Questions and Answers on No Child Left Behind (page 2)
1. How are school report cards put together and what kind of information do they provide?
Reports on individual schools are part of the annual district report cards, also known as local report cards. Each school district must prepare and disseminate annual local report cards that include information on how students in the district and in each school performed on state assessments. The report cards must state student performance in terms of three levels: basic, proficient and advanced. Achievement data must be disaggregated, or broken out, by student subgroups according to: race, ethnicity, gender, English language proficiency, migrant status, disability status and low-income status. The report cards must also tell which schools have been identified as needing improvement, corrective action or restructuring (defined in Q-and-A below: "What if a school does not improve?").
2. How can parents see these local report cards, which include school-by-school data?
States must ensure that the local districts make these local report cards available to the parents of students promptly and by no later than the beginning of the school year. The law requires that the information be presented in an "understandable and uniform format, and to the extent practicable, in a language that the parents can understand." States and districts may also distribute this information to the media for publicizing; post it on the Internet; or provide it to other public agencies for dissemination.
Further, local school districts must notify parents if their child's school has been identified as needing improvement, corrective action or restructuring (defined in Q-and-A below: "What if a school does not improve?"). In this event, districts must let parents know the options available to them (see section on Choice and Supplemental Educational Services on page 23). Also, districts must annually notify parents of students in Title I schools of their "right to know" about teacher qualifications and how to exercise it (see section on Teacher Quality).
3. What information is provided on state report cards?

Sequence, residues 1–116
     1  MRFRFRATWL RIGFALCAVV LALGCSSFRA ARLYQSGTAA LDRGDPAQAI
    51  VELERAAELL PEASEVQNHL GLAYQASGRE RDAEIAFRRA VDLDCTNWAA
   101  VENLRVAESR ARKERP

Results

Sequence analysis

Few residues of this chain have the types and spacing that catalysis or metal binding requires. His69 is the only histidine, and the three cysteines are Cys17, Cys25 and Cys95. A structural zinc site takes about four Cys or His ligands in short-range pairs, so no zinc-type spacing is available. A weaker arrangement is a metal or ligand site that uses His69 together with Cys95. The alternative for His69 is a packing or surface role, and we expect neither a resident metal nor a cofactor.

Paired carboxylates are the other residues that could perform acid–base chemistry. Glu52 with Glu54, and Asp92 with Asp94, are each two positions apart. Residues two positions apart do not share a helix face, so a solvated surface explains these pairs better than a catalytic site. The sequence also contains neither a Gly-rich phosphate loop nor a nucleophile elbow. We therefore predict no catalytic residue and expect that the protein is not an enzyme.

Each state must produce and disseminate annual report cards that provide information on student achievement in the state--both overall and broken out according to the same subgroups as those appearing on the district report cards listed above. State report cards include:
- State assessment results by performance level (basic, proficient and advanced), including (1) two-year trend data for each subject and grade tested; and (2) a comparison between annual objectives and actual performance for each student group.
- Percentage of each group of students not tested.
- Graduation rates for secondary school students and any other student achievement indicators that the state chooses.
- Performance of school districts on adequate yearly progress measures, including the number and names of schools identified as needing improvement.
- Professional qualifications of teachers in the state, including the percentage of teachers in the classroom with only emergency or provisional credentials and the percentage of classes in the state that are not taught by highly qualified teachers, including a comparison between high- and low-income schools.
4. What is "adequate yearly progress"? How does measuring it help to improve schools?
No Child Left Behind requires each state to define adequate yearly progress for school districts and schools, within the parameters set by Title I. In defining adequate yearly progress, each state sets the minimum levels of improvement--measurable in terms of student performance--that school districts and schools must achieve within time frames specified in the law. In general, it works like this: Each state begins by setting a "starting point" that is based on the performance of its lowest-achieving demographic group or of the lowest-achieving schools in the state, whichever is higher. The state then sets the bar--or level of student achievement--that a school must attain after two years in order to continue to show adequate yearly progress. Subsequent thresholds must be raised at least once every three years, until, at the end of 12 years, all students in the state are achieving at the proficient level on state assessments in reading/language arts and math.
Reprinted with the permission of the U.S. Department of Education.
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